Writers love to get lost in their work. There is something so satisfying about being fully inside the story, where we’re at the top of our creative game and each word follows effortlessly from the last. When we’re in this state, the rest of the world disappears and we lose track of time. Athletes call it being “in the zone.” Artists call it flow—a word used by the famous researcher Mihaly Csikszentmihalyi. We’ve all experienced it at least once. Most of us would like to experience it more.
Perry has some good news for us. Achieving flow is not accidental. We don’t have to wait for the muses to show up and grace us with that blissful state. We can deliberately court it. Perry shows us how, with research interspersed with quotes from over seventy working novelists and poets.
Perry gives us five tricks—she calls them keys—to getting into flow. 1.) Have a compelling reason to write. 2.) Take risks and try new things to increase your confidence as a writer. 3.) Loosen up. 4.) focus fully on the writing. 5.) Let go of judgment.
WRITING IN FLOW helped me understand my own writing process. Now I know why short writing sessions don’t work for me. I can get twice as much done in one two-hour block than I can in four half hour blocks, even though it’s the same length of time. I spend a long time getting the first two hundred words written, but after that, something shifts and I take off. Now that I’ve read WRITING IN FLOW, I will relax a bit when those first couple of paragraphs are a mighty struggle. If I just stick with it, flow is right around the corner.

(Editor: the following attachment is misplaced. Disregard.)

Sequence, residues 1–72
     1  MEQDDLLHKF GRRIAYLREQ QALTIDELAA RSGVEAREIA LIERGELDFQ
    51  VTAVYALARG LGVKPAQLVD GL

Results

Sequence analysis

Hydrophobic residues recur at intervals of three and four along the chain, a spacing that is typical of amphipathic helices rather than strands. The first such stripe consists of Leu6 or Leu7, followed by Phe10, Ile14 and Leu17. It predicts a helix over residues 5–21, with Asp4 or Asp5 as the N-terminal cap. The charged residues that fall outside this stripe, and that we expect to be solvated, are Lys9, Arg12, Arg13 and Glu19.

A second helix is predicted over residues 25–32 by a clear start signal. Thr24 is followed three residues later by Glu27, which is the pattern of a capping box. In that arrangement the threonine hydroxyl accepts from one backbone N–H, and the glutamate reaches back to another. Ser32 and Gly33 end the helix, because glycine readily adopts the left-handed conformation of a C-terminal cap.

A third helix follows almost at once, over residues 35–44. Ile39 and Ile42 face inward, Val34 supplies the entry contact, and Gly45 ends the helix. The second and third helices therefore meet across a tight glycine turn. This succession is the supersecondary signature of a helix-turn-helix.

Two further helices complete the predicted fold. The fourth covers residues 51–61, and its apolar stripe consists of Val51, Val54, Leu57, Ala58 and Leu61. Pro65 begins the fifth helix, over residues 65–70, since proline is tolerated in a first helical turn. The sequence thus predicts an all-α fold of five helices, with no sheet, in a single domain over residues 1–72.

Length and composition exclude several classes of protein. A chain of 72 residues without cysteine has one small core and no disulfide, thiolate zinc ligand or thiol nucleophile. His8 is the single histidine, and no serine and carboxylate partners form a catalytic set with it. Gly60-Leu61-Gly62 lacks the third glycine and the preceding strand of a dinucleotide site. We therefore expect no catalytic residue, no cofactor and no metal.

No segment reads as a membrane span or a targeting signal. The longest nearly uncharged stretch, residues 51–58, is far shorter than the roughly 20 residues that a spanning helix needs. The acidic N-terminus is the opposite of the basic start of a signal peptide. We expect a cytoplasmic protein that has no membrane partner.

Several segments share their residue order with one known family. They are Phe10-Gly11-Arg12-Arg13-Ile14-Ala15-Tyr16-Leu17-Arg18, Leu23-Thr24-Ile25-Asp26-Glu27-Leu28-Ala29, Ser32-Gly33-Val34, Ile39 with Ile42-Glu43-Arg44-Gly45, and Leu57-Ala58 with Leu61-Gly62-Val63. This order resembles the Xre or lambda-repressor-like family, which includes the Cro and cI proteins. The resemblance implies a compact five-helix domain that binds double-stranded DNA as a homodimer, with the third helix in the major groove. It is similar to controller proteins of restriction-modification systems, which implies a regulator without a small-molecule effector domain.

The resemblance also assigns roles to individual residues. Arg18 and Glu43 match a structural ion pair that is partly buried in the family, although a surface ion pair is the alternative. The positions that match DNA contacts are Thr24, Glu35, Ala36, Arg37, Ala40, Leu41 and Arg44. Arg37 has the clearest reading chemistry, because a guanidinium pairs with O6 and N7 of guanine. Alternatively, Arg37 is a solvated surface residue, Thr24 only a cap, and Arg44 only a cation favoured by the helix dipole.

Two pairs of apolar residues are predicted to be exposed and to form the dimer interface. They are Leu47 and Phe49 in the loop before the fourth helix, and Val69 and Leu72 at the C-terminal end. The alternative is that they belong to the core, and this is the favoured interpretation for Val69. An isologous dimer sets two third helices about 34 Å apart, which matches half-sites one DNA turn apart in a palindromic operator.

I enjoyed the snippets of interviews that Perry included, but they tended to bog down the narrative at times. It was nice to see the mix of perspectives, although sometimes she quotes four or five authors in a row all making the same point. Also, the reader should know that the first half of the book is descriptive rather than prescriptive. Perry wants writers to fully understand flow before trying to induce it. But that isn’t all bad. Understanding flow helps us to recognize it when we see it and court it more regularly.
Writing in flow is more than just “letting go” or “listening to the muses.” Perry reminds us that flow only happens when we are working at the top of our abilities. She’s trying to get writers to use both the creative and the analytical sides of their brains. It’s only when they work hand in hand can we achieve greatness in our writing, and enjoying doing so.
Rating: 4 stars
Pie Slices: 8 slices inspiration
This book is best for: beginning to intermediate writers
I recommend this book